The State of Security Orchestration, Automation and Response (SOAR) in 2019
Across industry verticals and security models, security teams are facing a common set of challenges; overwhelming workload, an increasing number of security tools, and growing competition for skilled analysts. Security Orchestration, Automation and Response (SOAR) has emerged as the solution to allow organizations to use their technology and human resources more effectively and efficiently and reduce overall risk. Gartner predicts that by 2021, 70% of enterprise organizations with a dedicated SOC will include SOAR capabilities (Ahlm, 2018).
Although the SOAR market has solidified its place in the market over the last several years, one question seems to linger: is SOAR a solution, or a function which will be consumed by Security Information and Event Management (SIEM) and other vendors? Although there are many different problems a SOAR solution can solve, Gartner has defined three logical groups for the different values of a SOAR solution (Ahlm, 2018):
- Create a better investigative platform
- Enhance SIEM management
- Optimize security team and program management
Although Gartner’s most recent analysis of the SOAR market was focused heavily on SOAR’s value with regard to SIEMs, vendors in other product spaces have also seen the value that Orchestration and Automation (O&A) can provide to their customer bases and have begun to implement some features adjacent to SOAR as well. Threat intelligence and vulnerability management are common examples of this trend. “Enhance SIEM management” could also be termed “Enhance event management” to include events from these other product spaces as well.
While there is little question that, when implemented properly, O&A can enhance the effectiveness and efficiency of just about any process, most vendors outside of the SOAR space tend to implement O&A within their own product, or within a similar product space (vertically), while full SOAR solutions integrate with products across many spaces (horizontally). O&A within a SIEM platform tends to have an impact across a much wider range of processes, whereas O&A within other product spaces, such as Threat Intelligence, tend to have a much narrower impact.
Regardless of the degree to which O&A is implemented in adjacent products, SOAR solutions which focus on enhancing other aspects of incident management in addition to O&A are uniquely suited to both create a better investigative platform and optimize security team and project management. For this reason, it seems unlikely that SOAR will ever be completely consumed by SIEM and other vendors. Those SOAR solutions which provide value outside of the core problems a SIEM was designed to solve will likely remain a separate solution.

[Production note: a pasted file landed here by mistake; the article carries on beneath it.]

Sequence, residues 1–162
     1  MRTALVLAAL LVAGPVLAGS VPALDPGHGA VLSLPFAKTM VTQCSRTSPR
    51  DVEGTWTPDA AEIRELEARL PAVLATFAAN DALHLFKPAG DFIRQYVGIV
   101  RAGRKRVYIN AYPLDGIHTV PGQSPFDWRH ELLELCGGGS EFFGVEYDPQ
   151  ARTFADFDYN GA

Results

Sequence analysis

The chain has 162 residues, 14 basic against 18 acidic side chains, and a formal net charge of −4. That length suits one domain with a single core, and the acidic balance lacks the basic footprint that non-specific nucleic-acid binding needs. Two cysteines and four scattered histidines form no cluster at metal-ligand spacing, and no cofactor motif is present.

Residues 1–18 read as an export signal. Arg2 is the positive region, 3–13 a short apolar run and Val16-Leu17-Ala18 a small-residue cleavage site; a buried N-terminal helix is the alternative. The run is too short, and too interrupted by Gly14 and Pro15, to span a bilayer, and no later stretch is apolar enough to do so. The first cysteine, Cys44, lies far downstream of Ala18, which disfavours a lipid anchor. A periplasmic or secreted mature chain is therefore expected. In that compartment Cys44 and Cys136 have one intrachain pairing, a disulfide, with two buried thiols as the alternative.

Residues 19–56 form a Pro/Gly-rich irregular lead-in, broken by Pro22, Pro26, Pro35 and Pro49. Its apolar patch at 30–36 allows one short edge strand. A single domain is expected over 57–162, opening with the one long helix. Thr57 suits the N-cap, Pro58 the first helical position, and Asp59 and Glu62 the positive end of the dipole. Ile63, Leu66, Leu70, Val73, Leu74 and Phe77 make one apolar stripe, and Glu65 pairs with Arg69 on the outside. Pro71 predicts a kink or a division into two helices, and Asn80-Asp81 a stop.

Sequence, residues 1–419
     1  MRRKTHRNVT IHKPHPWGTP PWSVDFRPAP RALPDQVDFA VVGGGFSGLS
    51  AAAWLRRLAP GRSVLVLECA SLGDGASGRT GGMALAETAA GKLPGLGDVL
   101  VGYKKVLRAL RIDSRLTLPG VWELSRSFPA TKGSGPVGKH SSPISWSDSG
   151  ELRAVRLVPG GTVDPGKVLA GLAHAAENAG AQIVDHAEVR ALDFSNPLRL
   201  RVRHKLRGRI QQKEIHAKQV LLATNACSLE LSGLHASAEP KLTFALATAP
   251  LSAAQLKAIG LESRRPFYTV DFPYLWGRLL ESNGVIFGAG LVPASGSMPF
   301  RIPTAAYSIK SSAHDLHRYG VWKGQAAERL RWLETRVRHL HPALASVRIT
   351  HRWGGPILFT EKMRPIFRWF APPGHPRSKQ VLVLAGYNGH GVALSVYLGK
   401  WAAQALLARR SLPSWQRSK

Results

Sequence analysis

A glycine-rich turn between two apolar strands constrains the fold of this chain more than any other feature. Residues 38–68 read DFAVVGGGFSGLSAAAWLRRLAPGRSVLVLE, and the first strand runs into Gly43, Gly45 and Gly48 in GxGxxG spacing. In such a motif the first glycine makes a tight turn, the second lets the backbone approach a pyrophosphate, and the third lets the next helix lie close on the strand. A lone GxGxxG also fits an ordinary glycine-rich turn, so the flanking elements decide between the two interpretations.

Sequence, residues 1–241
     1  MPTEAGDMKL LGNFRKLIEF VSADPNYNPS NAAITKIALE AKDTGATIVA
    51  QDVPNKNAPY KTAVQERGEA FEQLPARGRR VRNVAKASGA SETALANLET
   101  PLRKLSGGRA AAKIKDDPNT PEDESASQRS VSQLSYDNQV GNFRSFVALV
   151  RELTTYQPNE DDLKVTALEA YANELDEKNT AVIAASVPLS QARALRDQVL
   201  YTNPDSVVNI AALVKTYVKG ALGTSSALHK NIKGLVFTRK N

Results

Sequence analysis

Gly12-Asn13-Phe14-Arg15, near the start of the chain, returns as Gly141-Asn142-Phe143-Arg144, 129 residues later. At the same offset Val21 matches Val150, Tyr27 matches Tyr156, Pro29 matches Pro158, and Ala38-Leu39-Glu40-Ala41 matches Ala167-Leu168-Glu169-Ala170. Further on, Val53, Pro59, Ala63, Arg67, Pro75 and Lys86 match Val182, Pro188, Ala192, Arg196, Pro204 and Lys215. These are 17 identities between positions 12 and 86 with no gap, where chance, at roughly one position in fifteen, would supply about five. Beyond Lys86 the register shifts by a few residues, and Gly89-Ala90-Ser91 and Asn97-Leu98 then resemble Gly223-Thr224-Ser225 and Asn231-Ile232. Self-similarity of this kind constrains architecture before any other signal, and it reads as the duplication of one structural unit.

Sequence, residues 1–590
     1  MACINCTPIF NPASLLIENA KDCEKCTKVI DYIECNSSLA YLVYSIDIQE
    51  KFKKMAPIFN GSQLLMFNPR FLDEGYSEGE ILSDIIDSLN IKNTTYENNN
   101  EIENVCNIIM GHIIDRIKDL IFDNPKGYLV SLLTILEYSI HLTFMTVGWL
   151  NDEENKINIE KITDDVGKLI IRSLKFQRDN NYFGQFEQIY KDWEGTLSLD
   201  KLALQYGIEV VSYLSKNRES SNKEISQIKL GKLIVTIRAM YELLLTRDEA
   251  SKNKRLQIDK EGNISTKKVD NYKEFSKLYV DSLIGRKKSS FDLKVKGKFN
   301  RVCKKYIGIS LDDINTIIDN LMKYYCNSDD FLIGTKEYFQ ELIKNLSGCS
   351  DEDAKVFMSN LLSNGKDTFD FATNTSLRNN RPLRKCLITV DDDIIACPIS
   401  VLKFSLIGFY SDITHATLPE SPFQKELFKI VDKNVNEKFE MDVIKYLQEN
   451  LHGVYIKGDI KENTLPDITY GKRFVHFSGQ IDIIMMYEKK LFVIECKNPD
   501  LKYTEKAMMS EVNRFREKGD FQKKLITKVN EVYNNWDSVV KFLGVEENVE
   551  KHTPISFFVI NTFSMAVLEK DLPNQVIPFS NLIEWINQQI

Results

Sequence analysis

It is also important to consider that O&A implemented in adjacent products will never be a replacement or competitor to a full SOAR solution. Although there can be value to an organization implementing a vertical O&A solution, the greatest value is achieved when an organization automates and orchestrates horizontally across their entire cybersecurity ecosystem. For this reason, SOAR solutions continue to integrate with products which implement vertical O&A, and most organizations choose to implement a SOAR solution even with these other products in their environment due to the vastly superior capabilities they provide.
It could be said that SOAR was initially envisioned with a Security Operations Center (SOC) use case in mind, and many early adopters were indeed SOCs. However, groups outside of the SOC often encounter similar problems, and are increasingly turning to SOAR to overcome these challenges. Managed Security Service Providers (MSSPs) and Computer Security Incident Response Teams (CSIRTs) are among the most common groups outside the SOC turning to SOAR. In addition to these more common use cases, there has also been increased interest in SOAR from teams handling aspects such as financial fraud and physical security.
Due to the ever increasing variety of use cases SOAR solutions are being adapted to and the constant emergence of new products in the security space, it has become critically important for SOAR solutions to implement an open approach to integrations. DFLabs has committed to being the most open SOAR solution in the industry through its Open Integration Framework, REST API, Community Portal and Community Development Incentive Program. Initiatives such as these will be crucial as the use and use cases of SOAR solutions continue to explode over the next several years.
One thing seems clear though, organizations across a range of industry verticals have seen the value that a SOAR solution can bring to a security program, and SOAR appears to be here to stay. As both the market and the industry evolve, it is likely we will see increased innovation in the SOAR market, including new ways to apply machine learning to make more intelligent automated decisions, and better use and generation of threat intelligence, to inform both tactical and strategic decisions within the security program.
If you would like to see how DFLab’s SOAR solution, IncMan SOAR, meets Gartner’s 3 core value groups and can help you to overcome common security operations pain points while reducing risk, get in touch to request your personalized one-to-one demo today.
Ahlm, E. (2018). Emerging Technology Analysis: SOAR Solutions (Rep. No. G00372967). Gartner.